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Burn out

Some days everything seems to go wrong. Other days, everything seems to go okay, but Mom tells you that everything is really going wrong and you’re just too dumb to know it. Our next day in Washington was that second kind of day.


howling fantods.  Once Mom has one of her “feelings,” it’s hard for her to shake it and she makes me stay close so that I’m not gobbled up by an imaginary monster. The word for things that are only scary in Mom’s head is “mom-inous.”

In the morning Mom was eating her usual breakfast of yogurt with nuts and raisins when she made a noise and squished up her face in disgust like she’d bitten into a cucumber. Then she spit into her hand. “Oh crap. I just chipped my tooth!” “So? I thought you liked chips.” “Now food is going to get stuck in there until I can go to a dentist, and it’s going to be expensive to fix,” she grumbled. “We’ll just get you a set of wooden teeth like George Washington’s,” I reassured her. “I bet wooden teeth aren’t very expensive, and you can drop them off at a carpenter’s shop when they need fixing rather than going to the dentist.” Then Mom woke up the Covered Wagon. “I don’t feel so well,” The Covered Wagon said when it opened its dashboard. “Oh hush! Now is not the time! You’re just being a hippo-chondriac because your gas cap sensor is broken,” I told it, because that’s what the two different car vets had told us at the two hospitals we’d taken the Covered Wagon to when it had complained a few weeks ago. I didn’t like being mean to the Covered Wagon, but given that Mom was seeing ghosts wherever we went, I wanted the Wagon to stop frightening her. “We all think we’re hungry sometimes when we’re not.” “But what if this has to do with that huge piece of wood we hit on the freeway yesterday?!” Mom said. “We’re pretty far out right now. If the van doesn’t start or breaks down, it’s not like we can call for help.” “See what you’ve done?!” I told the Covered Wagon. “Now we’re going to have to spend our vacation at the car hospital because of you.”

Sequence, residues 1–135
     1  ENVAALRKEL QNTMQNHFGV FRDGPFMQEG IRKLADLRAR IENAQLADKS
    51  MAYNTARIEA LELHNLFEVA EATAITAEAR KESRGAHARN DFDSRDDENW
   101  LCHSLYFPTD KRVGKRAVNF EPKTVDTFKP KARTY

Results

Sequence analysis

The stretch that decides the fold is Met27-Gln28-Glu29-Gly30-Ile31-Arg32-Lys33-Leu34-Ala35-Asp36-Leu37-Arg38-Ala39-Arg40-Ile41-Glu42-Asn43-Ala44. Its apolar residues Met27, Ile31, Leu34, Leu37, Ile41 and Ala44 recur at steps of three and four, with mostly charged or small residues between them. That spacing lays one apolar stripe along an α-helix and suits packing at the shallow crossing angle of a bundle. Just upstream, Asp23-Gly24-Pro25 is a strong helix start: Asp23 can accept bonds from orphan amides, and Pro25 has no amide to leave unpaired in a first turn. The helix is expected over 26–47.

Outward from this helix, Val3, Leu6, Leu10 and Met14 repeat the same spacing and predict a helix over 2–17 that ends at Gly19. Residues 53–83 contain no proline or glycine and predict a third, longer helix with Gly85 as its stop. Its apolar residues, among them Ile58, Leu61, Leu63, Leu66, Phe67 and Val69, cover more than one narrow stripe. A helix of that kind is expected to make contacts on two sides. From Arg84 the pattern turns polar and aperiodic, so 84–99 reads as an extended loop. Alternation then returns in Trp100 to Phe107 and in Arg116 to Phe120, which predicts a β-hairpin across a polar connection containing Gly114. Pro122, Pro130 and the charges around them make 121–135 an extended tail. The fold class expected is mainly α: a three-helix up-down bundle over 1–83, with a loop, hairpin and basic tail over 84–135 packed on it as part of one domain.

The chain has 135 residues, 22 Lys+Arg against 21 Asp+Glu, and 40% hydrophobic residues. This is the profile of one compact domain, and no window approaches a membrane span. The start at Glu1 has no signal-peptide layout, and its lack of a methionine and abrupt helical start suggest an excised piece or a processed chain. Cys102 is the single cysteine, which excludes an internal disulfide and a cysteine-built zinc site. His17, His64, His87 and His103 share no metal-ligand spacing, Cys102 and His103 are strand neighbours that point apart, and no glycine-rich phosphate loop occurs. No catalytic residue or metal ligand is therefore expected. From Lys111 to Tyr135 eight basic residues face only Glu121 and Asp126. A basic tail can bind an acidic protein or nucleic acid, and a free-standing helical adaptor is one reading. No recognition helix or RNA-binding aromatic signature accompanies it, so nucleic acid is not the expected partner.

Muppet Forests, but red and spiky like the cheeks of the stray humans that sleep on the streets in The City. Even though all the mountains had trees on them, the trees were mostly naked and the ones that still had needles smelled dry and brown. When we got on the trail and saw the trees up close, most of them were black and shiny like they were made of black glass. Every one of them was dead, so that the whole mountain was like a graveyard. “Mom, what happened here?” I asked. “This is what a forest looks like after a forest fire,” Mom said. “A recent one by the looks of it. Most of the ash heaps look undisturbed.” “Is that what we were seeing in the sky last night?” I asked. It had looked like the sky was on fire. “No, not that recent. But it must have been a pretty big fire. All the hills around here are burned out. It’s eerie walking through a dead place after a disaster, don’t you think?”